Founder of the Boy Scout and Girl Guide/Girl Scout Movements was Robert
Baden-Powell, founded in 1908. In 1909, a Boy Scout rally was held at
Crystal Palace in London, and Baden-Powell was taken aback when a number
of girls attended, proclaiming themselves to be girl Scouts. He decided
that if they wanted to join in, they should have their own name and
Movement, and a program suited to their needs. Baden-Powell chose the
name Girl Guides after the famous corps of guides in India who were
"distinguished for their general handiness and resourcefulness under
difficulties, and their keenness and courage..."
1910...the Guide Movement was formally founded, with the establishment
of the Girl Guides Association (United Kingdom).
1910, Baden-Powell retired from his army career and devoted himself
to Scouting and to the beginning of Guiding. He attended camps, rallies
and jamborees all over the world, and it was during a world tour in
1912 that he met Olave Soames, his future wife. Olave accompanied her
husband on visits and tours, and soon became actively involved in the
Guide and Scout Movements. In 1917, she began to organize The Girl Guide
Movement in Sussex, United Kingdom, having been appointed UK Chief Commissioner
the previous year.
First World War did not stop the progression of the Movement, and Girl
Guides/Girl Scouts offered their services as volunteers in many countries.
This rapid growth was due to the efforts of many enthusiastic, resourceful
and forward looking women who saw the Movement as a wonderful opportunity
for the education of girls. Juliette Low founded Girl Scouting in the
United States of America in 1912.
the United States of America, the term ‘Guide’ was unacceptable, as
it already had a widely accepted application to Indian hunters. The
first groups were therefore called Girl Scouts, and several other countries
adopted the same name.
the idea and Spirit of the Movement crossed all frontiers, an official
communications channel needed to help Girl Guide/Girl Scout organizations
to share their experience. In 1919 Olave Baden-Powell formed the International
Council to provide this essential link. The Council was an advisory
body, made up of women who acted as official correspondents with any
country in which they were particularly interested. The first International
Conference was held in England in 1920. It was a historical occasion,
which gave representatives of the Girl Guiding/Girl Scouting world the
opportunity to meet and exchange ideas and experience. During the Conference,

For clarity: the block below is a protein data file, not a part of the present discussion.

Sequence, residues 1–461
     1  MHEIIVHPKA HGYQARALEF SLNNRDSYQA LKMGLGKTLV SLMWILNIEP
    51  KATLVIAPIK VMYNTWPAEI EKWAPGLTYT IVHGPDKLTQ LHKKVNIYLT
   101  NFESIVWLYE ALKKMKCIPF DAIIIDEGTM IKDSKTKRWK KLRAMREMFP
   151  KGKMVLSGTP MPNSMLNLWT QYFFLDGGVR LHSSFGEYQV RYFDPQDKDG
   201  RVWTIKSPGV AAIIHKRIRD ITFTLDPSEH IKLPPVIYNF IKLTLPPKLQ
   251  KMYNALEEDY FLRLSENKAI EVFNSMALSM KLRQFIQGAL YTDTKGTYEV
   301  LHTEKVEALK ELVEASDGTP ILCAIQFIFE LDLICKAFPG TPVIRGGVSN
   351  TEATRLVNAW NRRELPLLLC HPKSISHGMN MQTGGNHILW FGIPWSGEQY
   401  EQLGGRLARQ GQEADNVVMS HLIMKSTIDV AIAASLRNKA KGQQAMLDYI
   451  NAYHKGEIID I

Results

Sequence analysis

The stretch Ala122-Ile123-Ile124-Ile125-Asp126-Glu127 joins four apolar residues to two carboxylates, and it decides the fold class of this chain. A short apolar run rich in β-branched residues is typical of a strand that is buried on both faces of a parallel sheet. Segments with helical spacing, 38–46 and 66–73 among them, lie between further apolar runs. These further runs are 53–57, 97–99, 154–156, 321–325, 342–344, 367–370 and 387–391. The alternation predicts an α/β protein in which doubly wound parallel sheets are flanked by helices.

more Girl Guide/Girl Scout organizations became known to the International
Council and, for the first time, Girl Guide/Girl Scout groups began
to plan trips abroad.
1931, the Chiefs undertook a world tour and were delighted at the progress
they saw in every country they visited. The number of Girl Guides/Girl
Scouts within WAGGGS now exceeded one million - the Movement was flourishing.
July 1932, Our Chalet, the first WAGGGS World Center, was officially
opened in Switzerland, and in 1939, the second, Our Ark, was established
in London, next door to the World Bureau. In 1939 the first Girl Guide/Girl
Scout World Camp, Pax-Ting, was held in Hungary, and attended by some
June 1977, millions mourned the loss of Olave Baden-Powell, World Chief
Guide, who died peacefully in her sleep. The World Chief Guide had traveled
the world until 1970, covering many thousands of miles in order to encourage
and inspire girls and young women. But from 1970, health reasons prevented
overseas travel; however she had continued to welcome large numbers
of Girl Guides and Girl Scouts from all over the world at her home in
the 1980s, WAGGGS undertook the Olave Center project in memory of the
World Chief Guide. The project aimed to locate the World Bureau and
the London World Center together again. The World Bureau moved to its
new home in 1984 and was officially opened the following year. The new
World Center, renamed Pax Lodge, opened in 1990.
the Movement continues to thrive and grow. Nearly ten million girls
and young women are members, in 140 Member Organizations worldwide,
with at least 33 more Working Towards Membership.
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